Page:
It’s a great day when a card like this turns up. All our expectations of postcard imagery are overturned. A steam powered freight train hauling rock armour may be a thrilling sight to some (myself included) but that’s very much a minority view. More curious is the presence of a trio of ladies of leisure dressed for a stroll through the shady avenues in the garden of a luxury hotel, scrambling down an embankment to the railroad tracks. There’s a possibility the figures were added by a picture editor in the hope that a feminine touch would enhance the appeal of the image. Or perhaps there’s a pedestrian right-of-way across the tracks – given the extent of the tracks and the lack of an obvious destination that seems unlikely. San Pedro was, and remains the port for Los Angeles and the breakwater was constructed between 1899 and 1911. Below are some other examples of railroad freight on postcards.
Tuesday, 18 October 2016
From its earliest origins the language of cinema has been all about illusion and deceit. These Liebig trade cards from 1913 reveal some of the ingenious tricks designed to fool the viewer into accepting an alternate reality. Moments of high drama and tension are improvised by solemn technicians with slender resources. A model train hurtles off a table top in a simulated disaster while a hit and run victim contemplates his severed legs with an indignant air. A primitive form of back projection is shown in a two part image that turns the picture space inside out. What look like giant gooseberries are pursued down the street. Finally we are shown how the illusory can be made complete by rotating the camera lens through 90 degrees.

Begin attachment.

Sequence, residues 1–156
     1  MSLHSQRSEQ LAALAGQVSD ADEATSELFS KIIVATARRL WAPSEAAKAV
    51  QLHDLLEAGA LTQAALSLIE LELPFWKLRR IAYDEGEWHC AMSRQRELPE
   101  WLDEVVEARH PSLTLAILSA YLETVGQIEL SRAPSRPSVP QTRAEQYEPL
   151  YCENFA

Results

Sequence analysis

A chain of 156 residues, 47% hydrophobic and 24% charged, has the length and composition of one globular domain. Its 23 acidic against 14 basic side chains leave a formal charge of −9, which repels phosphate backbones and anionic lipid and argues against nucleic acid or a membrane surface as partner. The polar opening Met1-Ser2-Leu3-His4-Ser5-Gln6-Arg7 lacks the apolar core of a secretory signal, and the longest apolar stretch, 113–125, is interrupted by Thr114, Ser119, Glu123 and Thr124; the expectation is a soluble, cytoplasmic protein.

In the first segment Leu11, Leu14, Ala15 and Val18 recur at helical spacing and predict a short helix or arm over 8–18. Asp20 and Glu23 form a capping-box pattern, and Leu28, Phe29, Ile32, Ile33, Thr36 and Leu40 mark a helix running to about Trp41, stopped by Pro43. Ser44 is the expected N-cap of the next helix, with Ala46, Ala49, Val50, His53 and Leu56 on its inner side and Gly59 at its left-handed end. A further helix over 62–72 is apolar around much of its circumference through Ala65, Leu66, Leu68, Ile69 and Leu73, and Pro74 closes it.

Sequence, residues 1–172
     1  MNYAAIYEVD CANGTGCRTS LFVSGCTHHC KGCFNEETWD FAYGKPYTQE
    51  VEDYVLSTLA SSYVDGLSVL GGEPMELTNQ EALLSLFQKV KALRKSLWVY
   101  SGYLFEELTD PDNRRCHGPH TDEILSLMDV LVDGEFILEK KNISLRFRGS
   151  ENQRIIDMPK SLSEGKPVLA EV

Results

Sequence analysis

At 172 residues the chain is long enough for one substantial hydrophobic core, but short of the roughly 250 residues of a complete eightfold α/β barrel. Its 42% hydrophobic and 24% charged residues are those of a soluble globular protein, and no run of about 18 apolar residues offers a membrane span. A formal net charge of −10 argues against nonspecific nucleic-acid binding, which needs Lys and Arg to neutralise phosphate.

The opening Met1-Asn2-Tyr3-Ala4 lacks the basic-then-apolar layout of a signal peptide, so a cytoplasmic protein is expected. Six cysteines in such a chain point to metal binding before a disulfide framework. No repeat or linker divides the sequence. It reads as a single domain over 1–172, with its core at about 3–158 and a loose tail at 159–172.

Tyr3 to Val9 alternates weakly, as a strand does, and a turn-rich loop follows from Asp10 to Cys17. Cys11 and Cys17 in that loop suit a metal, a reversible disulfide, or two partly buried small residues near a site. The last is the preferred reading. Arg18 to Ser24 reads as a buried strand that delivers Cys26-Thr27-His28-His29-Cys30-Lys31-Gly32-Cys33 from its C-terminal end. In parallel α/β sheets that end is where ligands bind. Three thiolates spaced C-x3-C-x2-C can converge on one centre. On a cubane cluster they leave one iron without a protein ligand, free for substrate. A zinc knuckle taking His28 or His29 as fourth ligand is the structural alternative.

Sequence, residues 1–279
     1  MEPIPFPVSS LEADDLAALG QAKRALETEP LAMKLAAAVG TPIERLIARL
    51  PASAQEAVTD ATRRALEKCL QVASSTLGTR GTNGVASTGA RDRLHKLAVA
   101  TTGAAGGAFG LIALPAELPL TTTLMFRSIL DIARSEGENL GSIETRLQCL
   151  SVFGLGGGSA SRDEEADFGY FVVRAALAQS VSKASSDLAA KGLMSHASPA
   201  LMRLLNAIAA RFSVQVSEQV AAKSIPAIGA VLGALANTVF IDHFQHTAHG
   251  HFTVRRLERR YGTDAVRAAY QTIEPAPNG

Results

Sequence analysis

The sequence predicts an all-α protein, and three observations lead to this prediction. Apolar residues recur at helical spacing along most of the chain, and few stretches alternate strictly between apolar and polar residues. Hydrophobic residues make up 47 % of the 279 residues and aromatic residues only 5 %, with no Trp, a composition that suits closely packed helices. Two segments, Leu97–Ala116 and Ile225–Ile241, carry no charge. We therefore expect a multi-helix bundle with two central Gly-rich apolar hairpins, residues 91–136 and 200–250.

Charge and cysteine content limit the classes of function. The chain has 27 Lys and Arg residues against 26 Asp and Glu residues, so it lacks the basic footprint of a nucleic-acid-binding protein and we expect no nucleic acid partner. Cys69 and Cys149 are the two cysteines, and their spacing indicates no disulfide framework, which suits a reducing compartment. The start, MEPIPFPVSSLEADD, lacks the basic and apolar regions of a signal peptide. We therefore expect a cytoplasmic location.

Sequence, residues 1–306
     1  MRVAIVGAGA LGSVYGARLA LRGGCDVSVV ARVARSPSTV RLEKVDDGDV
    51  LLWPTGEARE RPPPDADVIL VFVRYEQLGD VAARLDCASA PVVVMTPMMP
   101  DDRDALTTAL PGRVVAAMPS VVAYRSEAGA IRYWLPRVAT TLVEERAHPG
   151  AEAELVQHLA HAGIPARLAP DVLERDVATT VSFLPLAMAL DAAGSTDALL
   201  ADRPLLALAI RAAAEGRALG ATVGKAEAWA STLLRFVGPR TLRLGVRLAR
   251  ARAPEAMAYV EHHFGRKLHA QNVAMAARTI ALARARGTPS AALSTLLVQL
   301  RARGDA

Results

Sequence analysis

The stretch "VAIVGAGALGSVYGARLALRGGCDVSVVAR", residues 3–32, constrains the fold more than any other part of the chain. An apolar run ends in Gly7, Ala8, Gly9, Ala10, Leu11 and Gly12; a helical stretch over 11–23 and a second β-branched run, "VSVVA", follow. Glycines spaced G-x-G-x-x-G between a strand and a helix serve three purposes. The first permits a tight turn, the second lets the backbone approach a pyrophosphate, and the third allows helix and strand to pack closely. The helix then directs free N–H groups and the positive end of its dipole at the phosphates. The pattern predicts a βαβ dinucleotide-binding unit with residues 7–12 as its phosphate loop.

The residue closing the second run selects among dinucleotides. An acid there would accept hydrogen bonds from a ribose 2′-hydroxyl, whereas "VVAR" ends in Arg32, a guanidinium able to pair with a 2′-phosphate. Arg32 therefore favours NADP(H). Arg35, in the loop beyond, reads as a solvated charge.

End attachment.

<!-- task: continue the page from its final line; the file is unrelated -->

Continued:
Wednesday, 5 October 2016
This extravagantly produced book dates from around 1910 and promotes the scenic value of a train journey through the High Sierras from San Francisco to Salt Lake City on the Southern Pacific railroad. Generously illustrated with more than twenty tipped-in photochroms of highlights along the permanent way, it made a fine souvenir of a memorable trip. This copy comes with terse annotations from its original owner who signed herself as Nellie when she inscribed it. The selected images make a pleasing mixture of the sublime and banal, alternating views of soaring mountain peaks and shimmering lakes with dairy farms, hydraulic mining and pulp mills.